Stocks rose Tuesday following a brutal week as investors assessed a more aggressive Federal Reserve and rising chances of a recession.
The Dow Jones Industrial Average jumped 621 points, or 2.1%. The S&P 500 climbed 2.5%, and the Nasdaq Composite popped 2.6%. U.S. stock markets were closed Monday for Juneteenth.Those moves followed last week’s declines that saw the S&P 500 post its worst week since 2020. Many investors fear that a rebound amid growing fears of a recession may be short-lived, though others expect that equities may be oversold after more accurately pricing in inflationary pressures.
The comeback was broad-based with 461 members of the S&P 500 in the green.“The outstanding question is whether this is simply a bounce or the bottom,” said Sam Stovall, chief investment strategist at CFRA Research. “I think that this could certainly be a bounce but not the bottom because the one missing ingredient is a fear-based capitulation sell-off.”
Stovall thinks the S&P 500 could fall to around 3,200 before recovering, or a more than 30% decline from its record high.
Big bounces of this sort have been commonplace during this bear market. The S&P 500 has popped more than 2% on 10 other occasions since this bear began at the start of January, only to give up that gain and trade lower. Some investors have doubts that this bounce will be the one that marks the turn, especially with no apparent news or catalyst driving it.
S&P 500’s 2% gains during current bear market
Energy was the best-performing sector in the S&P 500, up 5.2% following a surge in oil prices. Brent crude futures traded 1.1% higher at $115.32 per barrel. West Texas Intermediate, the U.S. oil benchmark, gained nearly 2% to $111.55 per barrel.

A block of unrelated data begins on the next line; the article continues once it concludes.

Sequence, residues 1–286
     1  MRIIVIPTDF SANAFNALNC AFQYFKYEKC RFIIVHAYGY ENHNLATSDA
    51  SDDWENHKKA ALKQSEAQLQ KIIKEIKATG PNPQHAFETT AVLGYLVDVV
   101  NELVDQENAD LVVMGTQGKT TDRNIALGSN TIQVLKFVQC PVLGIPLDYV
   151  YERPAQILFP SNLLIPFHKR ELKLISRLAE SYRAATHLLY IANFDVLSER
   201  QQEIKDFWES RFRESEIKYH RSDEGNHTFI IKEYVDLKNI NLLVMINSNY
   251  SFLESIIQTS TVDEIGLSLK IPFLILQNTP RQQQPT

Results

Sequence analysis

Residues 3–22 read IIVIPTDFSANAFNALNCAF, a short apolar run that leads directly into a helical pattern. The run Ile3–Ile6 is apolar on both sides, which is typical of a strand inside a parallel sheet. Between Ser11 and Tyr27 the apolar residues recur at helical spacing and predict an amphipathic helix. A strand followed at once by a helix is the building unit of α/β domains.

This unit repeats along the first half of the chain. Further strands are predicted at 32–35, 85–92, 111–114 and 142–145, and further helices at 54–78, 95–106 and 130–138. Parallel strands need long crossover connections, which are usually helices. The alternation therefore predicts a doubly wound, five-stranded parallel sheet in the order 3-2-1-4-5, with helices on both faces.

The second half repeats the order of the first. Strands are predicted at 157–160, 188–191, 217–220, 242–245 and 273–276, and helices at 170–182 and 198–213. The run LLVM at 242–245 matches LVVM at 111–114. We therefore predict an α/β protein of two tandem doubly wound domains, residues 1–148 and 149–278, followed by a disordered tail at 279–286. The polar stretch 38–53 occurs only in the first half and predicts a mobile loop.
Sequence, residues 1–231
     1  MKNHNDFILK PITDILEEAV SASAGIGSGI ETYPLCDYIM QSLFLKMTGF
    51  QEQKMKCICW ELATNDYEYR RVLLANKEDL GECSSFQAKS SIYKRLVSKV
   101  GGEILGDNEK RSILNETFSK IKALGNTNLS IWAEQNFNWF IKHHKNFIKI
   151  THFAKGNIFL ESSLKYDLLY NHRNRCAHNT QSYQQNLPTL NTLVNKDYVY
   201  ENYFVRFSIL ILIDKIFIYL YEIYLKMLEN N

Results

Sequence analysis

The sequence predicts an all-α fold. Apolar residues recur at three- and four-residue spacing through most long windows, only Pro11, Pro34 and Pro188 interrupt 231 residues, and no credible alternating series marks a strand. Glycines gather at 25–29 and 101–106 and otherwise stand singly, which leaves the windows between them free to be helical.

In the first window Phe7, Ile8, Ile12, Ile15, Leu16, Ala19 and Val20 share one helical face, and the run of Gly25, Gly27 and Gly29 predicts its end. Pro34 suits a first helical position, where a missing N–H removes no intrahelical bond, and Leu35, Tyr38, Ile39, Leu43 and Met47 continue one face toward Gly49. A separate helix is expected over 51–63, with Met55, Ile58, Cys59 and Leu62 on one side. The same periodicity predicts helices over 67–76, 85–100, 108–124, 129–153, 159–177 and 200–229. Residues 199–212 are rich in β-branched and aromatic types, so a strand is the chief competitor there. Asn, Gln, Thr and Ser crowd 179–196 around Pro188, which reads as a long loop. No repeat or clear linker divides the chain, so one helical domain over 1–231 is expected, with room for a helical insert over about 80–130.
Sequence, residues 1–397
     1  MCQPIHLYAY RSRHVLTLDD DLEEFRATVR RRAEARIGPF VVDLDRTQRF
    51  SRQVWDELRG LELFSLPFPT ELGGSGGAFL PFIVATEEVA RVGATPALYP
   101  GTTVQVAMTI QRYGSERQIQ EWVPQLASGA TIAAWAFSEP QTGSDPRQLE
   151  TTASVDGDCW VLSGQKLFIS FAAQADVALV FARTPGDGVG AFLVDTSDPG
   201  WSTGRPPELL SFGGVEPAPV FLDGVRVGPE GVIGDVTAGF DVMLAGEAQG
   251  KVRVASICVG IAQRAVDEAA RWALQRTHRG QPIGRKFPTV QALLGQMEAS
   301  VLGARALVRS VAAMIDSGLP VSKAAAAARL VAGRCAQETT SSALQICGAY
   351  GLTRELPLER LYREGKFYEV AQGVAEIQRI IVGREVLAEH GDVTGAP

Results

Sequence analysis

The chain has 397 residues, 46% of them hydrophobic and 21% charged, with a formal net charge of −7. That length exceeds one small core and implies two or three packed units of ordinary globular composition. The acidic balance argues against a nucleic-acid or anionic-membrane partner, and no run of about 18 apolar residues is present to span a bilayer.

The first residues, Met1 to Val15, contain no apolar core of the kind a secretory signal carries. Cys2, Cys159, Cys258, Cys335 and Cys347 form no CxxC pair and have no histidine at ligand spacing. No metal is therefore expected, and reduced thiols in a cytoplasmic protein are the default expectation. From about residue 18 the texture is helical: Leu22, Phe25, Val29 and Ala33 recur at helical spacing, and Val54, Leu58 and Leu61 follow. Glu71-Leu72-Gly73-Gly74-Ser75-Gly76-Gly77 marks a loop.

Shares of Diamondback Energy jumped more than 7% and Exxon Mobil rose more than 6%. Shares of Schlumberger, Halliburton and Phillips 66 each jumped more than 5%.
Mega-cap tech stocks also led gains. Shares of Google-parent Alphabet jumped more than 4%. Shares of Apple and Amazon both moved more than 3%.
Chip stocks posted gains with shares of Nvidia rising more than 5%, KLA jumping more than 4% and Advanced Micro Devices climbing 3%.
Elsewhere, Kellogg’s stock price rose more than 2% after the company said it would split into three separate companies.
Meanwhile, the yield on the benchmark 10-year Treasury note continued to march higher. Yields move inversely to prices.
The major averages suffered their 10th losing week in 11 last week on fears that the central bank will hike rates aggressively to tame inflation at the risk of causing an economic downturn. The S&P 500 dropped 5.8% last week for its biggest weekly loss since March 2020, dipping deeper into bear market territory. The equity benchmark is now more than 23% off its record high from early January.
The blue-chip Dow slid 4.8% last week, dipping below 30,000 for the first time since January 2021 last week. The tech-heavy Nasdaq Composite slipped 4.8% last week.
The steep drop in equities appeared to signify the further weakening in investor confidence in the economic outlook and the Federal Reserve’s ability to navigate a soft landing. Some on Wall Street say that earnings estimates may be the next to fall given the rising probability of an imminent recession.
“Even in the event of recession is avoided, the earnings numbers are too high because the inflationary pressure on costs is now squeezing margins, meaning our fire and ice narrative really is playing out to a tee, and we’ve priced a lot of it,” Mike Wilson, chief U.S. equity strategist at Morgan Stanley, said on CNBC’s “Squawk Box” on Tuesday. “We just haven’t priced it fully for the recessionary outcome.”
Fed Chair Jerome Powell will testify before Congress Wednesday and Thursday. His appearance comes after a recent rate hike by three-quarters of a percentage point, the central bank’s biggest increase since 1994.